Toyota has long been considered the king of the optimized business process, with its emphasis on continual improvement and eliminating inefficiency. The auto manufacturer also makes good use of technology to support its laser-like focus on process, as detailed in a Baseline article from last year.
But there may be another contender for the throne in UPS.
According to the New York Times, the company employs a "package flow" software program that maps routes for its drivers designed to get packages delivered to their destinations with the utmost efficiency. One example: The software largely eliminates time-killing, fuel-wasting left turns -- except in cases where drivers would be sent far out of their way.
A company spokeswoman credits the software with helping drivers shave 28.5 million miles off their routes in 2006, saving some three million gallons of gas and reducing CO2 emissions by 31,000 metric tons.
Now that's efficiency -- even better, it results in an improved bottom line.
In my recent interview with Mike Berger, director of marketing for Xora, a company that sells software with a route optimization feature that sounds similar to the one used by UPS, he describes how Xora's application works:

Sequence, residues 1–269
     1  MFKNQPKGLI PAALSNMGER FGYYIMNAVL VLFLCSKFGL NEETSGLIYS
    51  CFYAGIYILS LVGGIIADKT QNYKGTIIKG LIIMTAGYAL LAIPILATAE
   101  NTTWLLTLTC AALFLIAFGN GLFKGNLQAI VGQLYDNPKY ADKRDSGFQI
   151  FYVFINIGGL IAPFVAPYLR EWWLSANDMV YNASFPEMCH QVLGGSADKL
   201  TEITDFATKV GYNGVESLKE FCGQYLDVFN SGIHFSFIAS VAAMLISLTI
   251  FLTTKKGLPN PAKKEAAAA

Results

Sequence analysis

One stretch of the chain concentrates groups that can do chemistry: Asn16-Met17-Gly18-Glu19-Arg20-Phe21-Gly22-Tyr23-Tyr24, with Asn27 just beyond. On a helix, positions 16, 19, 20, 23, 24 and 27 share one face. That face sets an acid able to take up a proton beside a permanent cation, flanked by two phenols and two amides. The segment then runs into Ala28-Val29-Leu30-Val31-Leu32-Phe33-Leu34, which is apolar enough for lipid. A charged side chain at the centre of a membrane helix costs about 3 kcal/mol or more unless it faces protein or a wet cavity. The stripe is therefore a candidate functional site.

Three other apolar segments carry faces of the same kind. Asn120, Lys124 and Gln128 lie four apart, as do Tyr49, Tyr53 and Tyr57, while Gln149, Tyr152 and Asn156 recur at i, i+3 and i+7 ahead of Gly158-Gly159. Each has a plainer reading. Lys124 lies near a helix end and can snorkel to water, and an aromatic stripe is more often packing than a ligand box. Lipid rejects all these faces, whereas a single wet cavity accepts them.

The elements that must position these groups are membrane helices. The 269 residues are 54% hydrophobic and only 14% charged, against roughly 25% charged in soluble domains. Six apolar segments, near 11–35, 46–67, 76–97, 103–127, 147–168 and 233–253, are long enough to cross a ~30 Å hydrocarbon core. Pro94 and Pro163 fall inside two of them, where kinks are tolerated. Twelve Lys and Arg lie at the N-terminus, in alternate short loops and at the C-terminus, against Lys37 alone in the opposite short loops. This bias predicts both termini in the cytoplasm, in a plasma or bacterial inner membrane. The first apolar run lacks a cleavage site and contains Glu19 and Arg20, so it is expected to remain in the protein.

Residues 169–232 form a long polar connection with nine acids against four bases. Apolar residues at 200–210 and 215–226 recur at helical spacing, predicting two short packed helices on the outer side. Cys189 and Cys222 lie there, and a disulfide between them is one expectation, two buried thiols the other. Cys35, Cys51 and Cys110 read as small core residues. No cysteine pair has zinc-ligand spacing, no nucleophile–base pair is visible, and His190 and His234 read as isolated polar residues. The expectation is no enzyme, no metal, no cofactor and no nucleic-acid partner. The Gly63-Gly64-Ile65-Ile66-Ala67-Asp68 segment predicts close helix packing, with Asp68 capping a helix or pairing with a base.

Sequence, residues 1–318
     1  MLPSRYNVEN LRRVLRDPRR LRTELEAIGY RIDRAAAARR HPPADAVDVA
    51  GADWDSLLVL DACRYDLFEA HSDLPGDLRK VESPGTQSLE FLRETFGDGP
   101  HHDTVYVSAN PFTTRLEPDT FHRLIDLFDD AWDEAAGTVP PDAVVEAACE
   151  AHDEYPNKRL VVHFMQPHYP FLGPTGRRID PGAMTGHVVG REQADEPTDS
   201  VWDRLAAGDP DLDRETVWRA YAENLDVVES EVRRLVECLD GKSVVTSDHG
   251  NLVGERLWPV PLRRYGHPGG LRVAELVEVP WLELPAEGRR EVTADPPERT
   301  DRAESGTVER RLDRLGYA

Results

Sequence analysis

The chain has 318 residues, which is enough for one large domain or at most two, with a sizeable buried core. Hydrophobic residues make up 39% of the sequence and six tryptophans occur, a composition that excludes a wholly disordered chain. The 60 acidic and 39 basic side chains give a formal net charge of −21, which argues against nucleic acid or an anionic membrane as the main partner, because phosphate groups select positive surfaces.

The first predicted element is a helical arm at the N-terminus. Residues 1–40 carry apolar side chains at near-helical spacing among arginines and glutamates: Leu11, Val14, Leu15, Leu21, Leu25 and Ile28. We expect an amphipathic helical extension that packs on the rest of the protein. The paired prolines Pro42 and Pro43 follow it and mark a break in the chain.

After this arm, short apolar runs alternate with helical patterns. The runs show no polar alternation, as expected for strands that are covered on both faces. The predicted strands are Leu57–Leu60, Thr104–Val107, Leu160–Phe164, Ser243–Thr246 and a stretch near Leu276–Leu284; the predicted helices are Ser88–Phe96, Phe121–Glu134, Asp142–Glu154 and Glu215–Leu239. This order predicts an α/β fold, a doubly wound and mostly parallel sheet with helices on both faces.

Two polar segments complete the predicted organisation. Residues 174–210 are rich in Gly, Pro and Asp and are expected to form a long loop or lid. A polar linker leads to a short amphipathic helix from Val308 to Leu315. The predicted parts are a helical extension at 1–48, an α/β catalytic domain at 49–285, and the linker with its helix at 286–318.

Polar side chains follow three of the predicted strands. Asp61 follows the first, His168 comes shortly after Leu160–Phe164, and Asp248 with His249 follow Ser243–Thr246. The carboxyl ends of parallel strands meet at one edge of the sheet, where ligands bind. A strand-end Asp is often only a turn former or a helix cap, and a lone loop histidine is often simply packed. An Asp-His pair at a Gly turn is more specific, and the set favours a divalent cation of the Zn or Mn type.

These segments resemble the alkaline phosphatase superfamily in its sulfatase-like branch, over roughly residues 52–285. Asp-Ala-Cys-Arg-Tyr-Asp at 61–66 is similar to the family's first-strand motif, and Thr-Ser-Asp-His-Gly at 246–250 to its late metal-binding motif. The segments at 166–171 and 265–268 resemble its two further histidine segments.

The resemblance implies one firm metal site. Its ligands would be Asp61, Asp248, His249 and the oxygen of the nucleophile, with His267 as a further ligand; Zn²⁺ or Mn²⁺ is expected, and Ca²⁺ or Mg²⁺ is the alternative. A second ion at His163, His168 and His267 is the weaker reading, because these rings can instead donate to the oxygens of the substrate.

Let's say you are running a regional mattress delivery operation with six stores, three distribution centers and 15 trucks, and you have on average 100 deliveries per day. This enables you to take all of those delivery locations -- or service locations, if you are in the service industry -- and import them into the application, XRoutes. It will automatically use various algorithms to divvy up those routes intelligently. So it will tell you: "These six delivery locations will be done by this truck, and in this order." It also allows you to print out manifests for the drivers and the warehouse workers so they know they should pack up that first delivery last on the truck so it's easy to pull off, for example.
The stops are programmed into drivers' mobile phones, and they can use the phone to indicate when they've completed a scheduled task and are ready to move on to the next one. Monitoring their progress allows dispatchers to keep customers apprised of any expected delays.